"I showed up at his house on a Sunday morning while Joss was still in post on 'The Avengers' and he told me what play he wanted to shoot, and the second sentence out of his mouth was it's gonna be in black-and-white," Hunter recalls. "And as a cinematographer, it's a very rare blessing to shoot anything in black-and-white these days. I told him I'm on board but I was curious to know why. It was an instinctual thing for him. Not only aesthetically but it's one less thing to worry about logistically with the color of the wardrobe and what you see on the walls. Deep down, he felt like it had a noir quality to it and transposing it to the modern day and shooting it in black-and-white would help bridge the gap between the language and the contemporary setting."
Shot in 12 days at his Spanish Colonial house in Santa Monica with members of his loyal acting troupe (led by Amy Acker and Alexis Denisof as the bitter rivals Beatrice and Benedick), Whedon re-imagined Shakespeare's popular comedy about love and slander with Italian suits and cell phones. With Elizabethan wit and timeless wisdom, it's modern yet musical and plays like a smart, accessible rom-com. (Whedon even credits this Shakespeare play with providing the template for the genre.) And its emphasis on female empowerment is right in Whedon's thematic wheelhouse. In fact, Whedon's wife, Kai Cole, insisted they forgo their 20th anniversary in Venice so he could reconnect with his house, family, and friends by making this passion project.
Of course, Shakespeare in black-and-white is nothing new: Laurence Olivier's "Hamlet" and Orson Welles' "Macbeth," "Othello," and "Chimes at Midnight" are monochromatic masterpieces ranging from Expressionism to neo-realism to a new kind of hybrid.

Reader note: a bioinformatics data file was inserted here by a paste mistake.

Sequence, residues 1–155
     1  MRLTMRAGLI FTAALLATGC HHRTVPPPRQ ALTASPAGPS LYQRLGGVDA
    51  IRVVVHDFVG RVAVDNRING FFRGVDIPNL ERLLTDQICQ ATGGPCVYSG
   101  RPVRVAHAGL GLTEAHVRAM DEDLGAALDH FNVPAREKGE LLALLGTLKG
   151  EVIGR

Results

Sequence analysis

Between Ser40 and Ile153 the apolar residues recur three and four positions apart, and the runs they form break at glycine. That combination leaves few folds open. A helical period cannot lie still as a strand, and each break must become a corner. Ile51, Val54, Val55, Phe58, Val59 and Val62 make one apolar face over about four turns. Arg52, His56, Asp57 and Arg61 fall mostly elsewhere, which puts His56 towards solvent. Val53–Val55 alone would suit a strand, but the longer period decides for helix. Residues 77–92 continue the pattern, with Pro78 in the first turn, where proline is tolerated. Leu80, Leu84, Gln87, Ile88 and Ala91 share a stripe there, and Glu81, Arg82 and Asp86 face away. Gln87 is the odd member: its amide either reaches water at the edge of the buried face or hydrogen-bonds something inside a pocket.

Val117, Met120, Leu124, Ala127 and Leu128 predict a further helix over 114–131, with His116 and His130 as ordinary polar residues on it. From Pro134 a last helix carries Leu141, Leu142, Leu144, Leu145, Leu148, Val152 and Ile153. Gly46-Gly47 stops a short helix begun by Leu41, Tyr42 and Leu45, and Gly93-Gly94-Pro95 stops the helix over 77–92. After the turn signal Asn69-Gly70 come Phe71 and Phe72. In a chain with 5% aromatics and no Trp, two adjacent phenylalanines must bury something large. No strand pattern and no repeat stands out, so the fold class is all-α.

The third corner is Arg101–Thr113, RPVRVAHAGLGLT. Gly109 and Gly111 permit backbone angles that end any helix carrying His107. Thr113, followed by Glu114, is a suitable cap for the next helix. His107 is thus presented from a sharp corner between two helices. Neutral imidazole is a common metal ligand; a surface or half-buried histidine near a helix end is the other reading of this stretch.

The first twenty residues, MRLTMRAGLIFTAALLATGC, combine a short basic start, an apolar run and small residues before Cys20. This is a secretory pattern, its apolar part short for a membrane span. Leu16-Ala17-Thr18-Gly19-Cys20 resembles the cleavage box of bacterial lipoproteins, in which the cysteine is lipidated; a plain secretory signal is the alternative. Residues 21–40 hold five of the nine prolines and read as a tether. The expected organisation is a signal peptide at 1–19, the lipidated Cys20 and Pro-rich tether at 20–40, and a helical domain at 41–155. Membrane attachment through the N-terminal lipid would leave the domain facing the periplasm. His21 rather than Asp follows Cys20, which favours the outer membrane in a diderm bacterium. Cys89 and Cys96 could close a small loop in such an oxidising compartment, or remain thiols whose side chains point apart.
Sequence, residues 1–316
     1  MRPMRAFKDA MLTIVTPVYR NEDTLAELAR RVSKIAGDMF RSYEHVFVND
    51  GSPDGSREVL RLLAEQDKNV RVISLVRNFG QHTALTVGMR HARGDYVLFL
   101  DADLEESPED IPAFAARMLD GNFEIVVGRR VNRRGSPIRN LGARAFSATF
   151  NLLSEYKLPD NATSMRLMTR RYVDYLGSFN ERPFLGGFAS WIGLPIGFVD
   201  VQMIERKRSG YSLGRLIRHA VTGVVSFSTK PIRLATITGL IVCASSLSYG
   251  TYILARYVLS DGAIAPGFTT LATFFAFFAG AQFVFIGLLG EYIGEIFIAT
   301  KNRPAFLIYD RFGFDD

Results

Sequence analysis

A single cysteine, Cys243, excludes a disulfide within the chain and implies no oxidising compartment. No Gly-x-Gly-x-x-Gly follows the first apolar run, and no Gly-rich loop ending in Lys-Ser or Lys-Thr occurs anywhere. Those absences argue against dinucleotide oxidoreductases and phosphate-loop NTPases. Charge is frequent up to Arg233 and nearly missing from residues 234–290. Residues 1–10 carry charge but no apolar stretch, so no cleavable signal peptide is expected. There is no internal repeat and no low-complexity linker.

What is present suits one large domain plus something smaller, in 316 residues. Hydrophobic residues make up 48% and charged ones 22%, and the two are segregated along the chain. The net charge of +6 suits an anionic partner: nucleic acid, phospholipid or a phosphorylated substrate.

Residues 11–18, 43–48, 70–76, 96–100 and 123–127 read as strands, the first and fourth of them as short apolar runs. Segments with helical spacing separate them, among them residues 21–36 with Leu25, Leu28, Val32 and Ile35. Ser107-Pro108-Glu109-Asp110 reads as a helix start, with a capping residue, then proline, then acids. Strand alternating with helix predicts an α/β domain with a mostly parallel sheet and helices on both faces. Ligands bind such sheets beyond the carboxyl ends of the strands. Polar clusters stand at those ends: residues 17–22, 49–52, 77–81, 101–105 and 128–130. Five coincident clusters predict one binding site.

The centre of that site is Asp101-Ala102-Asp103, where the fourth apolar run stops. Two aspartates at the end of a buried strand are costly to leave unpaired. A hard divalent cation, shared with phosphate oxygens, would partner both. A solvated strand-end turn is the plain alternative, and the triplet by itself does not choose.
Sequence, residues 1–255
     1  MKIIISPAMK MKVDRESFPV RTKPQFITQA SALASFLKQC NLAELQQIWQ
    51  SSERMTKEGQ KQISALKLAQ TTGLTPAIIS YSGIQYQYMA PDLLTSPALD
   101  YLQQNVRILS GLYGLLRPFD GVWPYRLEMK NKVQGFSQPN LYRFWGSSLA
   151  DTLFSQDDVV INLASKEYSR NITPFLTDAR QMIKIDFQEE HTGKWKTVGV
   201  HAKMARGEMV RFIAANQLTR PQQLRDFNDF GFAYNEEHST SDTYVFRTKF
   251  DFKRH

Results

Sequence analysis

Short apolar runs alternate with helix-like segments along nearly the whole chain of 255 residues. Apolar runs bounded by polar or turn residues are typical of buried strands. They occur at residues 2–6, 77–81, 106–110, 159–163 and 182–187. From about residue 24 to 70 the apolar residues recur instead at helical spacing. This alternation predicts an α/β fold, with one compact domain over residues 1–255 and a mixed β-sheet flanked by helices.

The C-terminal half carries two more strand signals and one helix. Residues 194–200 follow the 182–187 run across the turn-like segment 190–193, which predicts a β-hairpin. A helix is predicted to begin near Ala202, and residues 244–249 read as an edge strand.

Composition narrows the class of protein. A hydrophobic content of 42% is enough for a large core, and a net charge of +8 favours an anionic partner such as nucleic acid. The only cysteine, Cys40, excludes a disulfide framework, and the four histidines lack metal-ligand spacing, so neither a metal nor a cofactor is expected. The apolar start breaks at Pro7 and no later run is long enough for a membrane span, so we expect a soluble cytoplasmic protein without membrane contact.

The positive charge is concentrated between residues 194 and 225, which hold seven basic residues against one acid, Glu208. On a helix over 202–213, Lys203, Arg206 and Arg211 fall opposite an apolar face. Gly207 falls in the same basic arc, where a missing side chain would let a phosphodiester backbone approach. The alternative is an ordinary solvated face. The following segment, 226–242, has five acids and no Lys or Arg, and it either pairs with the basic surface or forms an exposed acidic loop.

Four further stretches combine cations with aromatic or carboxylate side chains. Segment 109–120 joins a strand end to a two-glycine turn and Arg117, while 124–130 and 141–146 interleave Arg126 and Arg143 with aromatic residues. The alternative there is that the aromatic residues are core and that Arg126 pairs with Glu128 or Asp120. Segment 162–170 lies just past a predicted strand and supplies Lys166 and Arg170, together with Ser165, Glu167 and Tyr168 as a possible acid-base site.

"I remember we talked about 'Othello' right off the bat," Hunter continues. "He also wanted it hand-held and so I started thinking about Goddard and Truffaut. Here's a way to adapt the material visually in a way that's never been done before. Don't use dollies and get the cameras very close to the actors [with loose blocking] and be immersed in the scene. We wanted the camera to be moving around and panning back and forth and almost improvising a little bit to give it a fresh, vibrant feel. I also wanted to add a little hand-held Herzog in there and Joss was smiling and nodding and, 'Yes, yes, yes -- all this! I want to do all this!"
Hunter shot digitally with the Red Epic in color and then converted to black-and-white in post. On set, however, they switched the chroma off the monitors. It's not the purest way to shoot black-and-white, but the new Red Epic Monochrome moves a step closer by allowing you to switch off the color with the touch of a button. Yet Hunter had enough latitude to get both soft and hard light depending on the mood. The hardest part was staying in focus with so much hand-held. Considering there was only a day of rehearsal and it was shot fast and loose like TV, "Much Ado" went pretty smoothly.
"We needed to give Joss as much time with the camera as possible," Hunter suggests. "My trying to get a light that was 20 minutes away to make the scene a little better was going to take away four takes or lose a close-up. And so we tried not to slow down the process with any technical elements. But I knew if the film looked like crap, Joss would at least get the takes and performances he needed."
The exterior party scene in the backyard was logistically nerve racking, shooting quickly as soon as the sun went down and into the night with 100 extras. But with the Epic very sensitive to low light, all they had to do was spread china balls on the ground and behind bushes and columns to get some soft spot lighting. When Cole jumps into the water playing an overexcited party goer, the sense of submersion was enhanced with the aid of a $10 fish tank.